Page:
Wednesday 21 March 2018

Minister at odds with UCD over bonus points for maths scheme

John Walshe Education Editor

EDUCATION Minister Mary Coughlan has clashed with UCD over "delays" in agreeing to award bonus points for higher level maths.

Ms Coughlan said she was disappointed that no decision had yet been taken by UCD, which will now not decide its position until September.

It had been indicated to her that the Irish Universities Association (IUA) would take a decision in June and would get back to her then.

While she acknowledged the independence of the universities, she said that they were clear on her perspective and that of various reports that had favoured bonus points.

But UCD vice president for academic affairs, Dr Philip Nolan, said that there was no basis for the assertion that UCD was delaying the process.

"The agreed process was that each university would consider the bonus points issue individually before coming to a decision," he said.

Last week, Trinity College Dublin (TCD) announced that it would agree to bonus points for entry to all faculties from 2012, while the presidents of NUI Galway and Dublin City University have also indicated they will go along with bonus points. The University of Limerick already gives them.

The IUA said that it was not possible for all universities to come to a final position until the academic councils took their decisions.


There were also technical issues to be worked out about how the bonus points would be implemented and there was no point in rushing into an announcement until there was clarity about the substance and the form of the bonus points.

The Irish Independent understands that there are divisions among academics in UCD over the merits of the proposal.

Some are concerned that a blanket bonus for maths across all courses will mean that students taking higher level maths will have an advantage over others for courses such as law, where there is no requirement to be good at maths.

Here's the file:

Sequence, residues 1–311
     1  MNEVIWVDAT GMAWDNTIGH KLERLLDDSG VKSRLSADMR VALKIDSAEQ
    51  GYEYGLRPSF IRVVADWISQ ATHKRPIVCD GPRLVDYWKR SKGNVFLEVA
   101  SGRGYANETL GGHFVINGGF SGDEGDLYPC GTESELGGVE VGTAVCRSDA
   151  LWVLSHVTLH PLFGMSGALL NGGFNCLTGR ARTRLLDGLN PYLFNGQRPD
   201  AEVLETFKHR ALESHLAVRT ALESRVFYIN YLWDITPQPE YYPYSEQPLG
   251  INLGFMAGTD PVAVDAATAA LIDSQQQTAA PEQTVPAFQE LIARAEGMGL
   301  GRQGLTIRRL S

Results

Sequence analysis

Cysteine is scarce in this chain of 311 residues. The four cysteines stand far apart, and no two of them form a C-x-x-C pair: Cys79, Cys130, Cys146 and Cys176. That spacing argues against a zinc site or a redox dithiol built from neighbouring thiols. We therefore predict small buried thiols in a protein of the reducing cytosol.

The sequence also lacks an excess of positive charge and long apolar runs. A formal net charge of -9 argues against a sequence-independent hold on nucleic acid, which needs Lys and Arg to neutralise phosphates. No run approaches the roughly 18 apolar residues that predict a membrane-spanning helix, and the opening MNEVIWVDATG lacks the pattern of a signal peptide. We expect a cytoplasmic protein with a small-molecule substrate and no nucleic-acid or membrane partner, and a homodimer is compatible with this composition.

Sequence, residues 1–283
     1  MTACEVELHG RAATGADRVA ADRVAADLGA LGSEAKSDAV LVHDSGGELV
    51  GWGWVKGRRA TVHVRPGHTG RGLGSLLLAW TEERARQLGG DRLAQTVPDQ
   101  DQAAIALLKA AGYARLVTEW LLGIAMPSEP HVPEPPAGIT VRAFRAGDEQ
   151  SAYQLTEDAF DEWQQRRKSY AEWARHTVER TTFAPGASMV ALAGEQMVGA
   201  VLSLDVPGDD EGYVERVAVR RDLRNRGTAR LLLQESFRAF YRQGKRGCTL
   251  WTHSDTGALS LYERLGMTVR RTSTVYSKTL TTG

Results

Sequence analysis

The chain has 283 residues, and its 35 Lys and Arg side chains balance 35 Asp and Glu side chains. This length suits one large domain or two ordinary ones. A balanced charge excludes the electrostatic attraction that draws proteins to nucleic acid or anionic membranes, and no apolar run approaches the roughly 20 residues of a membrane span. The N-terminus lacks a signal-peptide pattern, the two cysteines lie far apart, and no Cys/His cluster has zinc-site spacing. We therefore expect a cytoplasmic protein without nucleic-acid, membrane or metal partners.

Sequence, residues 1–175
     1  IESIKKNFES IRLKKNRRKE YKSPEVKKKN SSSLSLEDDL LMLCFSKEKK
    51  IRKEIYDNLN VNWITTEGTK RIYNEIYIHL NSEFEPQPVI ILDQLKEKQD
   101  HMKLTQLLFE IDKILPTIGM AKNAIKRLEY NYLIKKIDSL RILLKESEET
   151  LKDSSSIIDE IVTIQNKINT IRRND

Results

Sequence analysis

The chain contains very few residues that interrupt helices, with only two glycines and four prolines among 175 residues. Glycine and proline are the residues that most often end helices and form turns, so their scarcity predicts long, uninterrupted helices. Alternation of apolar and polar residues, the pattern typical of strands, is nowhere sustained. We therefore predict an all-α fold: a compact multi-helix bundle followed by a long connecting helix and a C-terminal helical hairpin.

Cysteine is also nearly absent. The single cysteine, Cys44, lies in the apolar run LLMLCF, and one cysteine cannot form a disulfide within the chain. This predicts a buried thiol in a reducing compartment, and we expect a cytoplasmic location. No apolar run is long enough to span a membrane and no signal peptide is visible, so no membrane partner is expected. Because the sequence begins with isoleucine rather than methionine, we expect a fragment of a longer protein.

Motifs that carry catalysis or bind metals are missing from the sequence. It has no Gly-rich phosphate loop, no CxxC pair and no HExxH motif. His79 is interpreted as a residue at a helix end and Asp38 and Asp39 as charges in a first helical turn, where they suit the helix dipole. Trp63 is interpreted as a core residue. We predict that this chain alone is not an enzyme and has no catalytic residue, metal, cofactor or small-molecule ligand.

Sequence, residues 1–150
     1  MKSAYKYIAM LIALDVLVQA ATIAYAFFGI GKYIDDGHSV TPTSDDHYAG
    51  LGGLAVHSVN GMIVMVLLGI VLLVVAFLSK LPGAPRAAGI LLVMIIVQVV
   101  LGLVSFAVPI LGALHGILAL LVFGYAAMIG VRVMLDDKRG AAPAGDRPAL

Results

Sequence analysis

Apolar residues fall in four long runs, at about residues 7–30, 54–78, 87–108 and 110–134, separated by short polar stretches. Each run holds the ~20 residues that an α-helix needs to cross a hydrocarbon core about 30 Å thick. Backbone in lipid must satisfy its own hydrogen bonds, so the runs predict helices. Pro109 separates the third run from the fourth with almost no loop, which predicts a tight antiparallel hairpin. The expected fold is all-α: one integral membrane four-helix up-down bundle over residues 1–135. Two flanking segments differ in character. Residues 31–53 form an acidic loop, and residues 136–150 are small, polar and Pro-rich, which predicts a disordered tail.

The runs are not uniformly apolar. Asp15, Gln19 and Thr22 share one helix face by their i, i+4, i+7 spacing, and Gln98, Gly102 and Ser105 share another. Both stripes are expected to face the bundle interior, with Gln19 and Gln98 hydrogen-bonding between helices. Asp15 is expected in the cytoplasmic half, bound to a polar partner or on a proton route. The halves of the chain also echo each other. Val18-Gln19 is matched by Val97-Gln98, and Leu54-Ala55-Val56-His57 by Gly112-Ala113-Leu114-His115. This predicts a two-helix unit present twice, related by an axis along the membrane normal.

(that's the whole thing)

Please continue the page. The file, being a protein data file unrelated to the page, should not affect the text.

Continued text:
"There needs to be clarity in relation to the actual objective. If it is that more students pursue higher level maths at second level, that is a different objective to getting students to choose to study engineering and technology courses at third level.

"Do the objectives of the minister correspond to those stated by industry?" asked one source.

Despite their reservations, all of the universities are expected to go along with bonus points as an interim measure until Project Maths is taken by all Leaving Cert students.

UCD insists that if the decision is made to go with bonus points, then September is time enough for fifth-year students to decide whether or not to take higher level maths.

But the National Parents Council (post-primary) said it would be preferable if students knew before they returned to school in the autumn.

Spokesperson Rose Tully said that while the council had reservations about the plan, students should be told before they went back to school whether or not bonus points would be available when they sit the exam in two years' time.

Irish Independent

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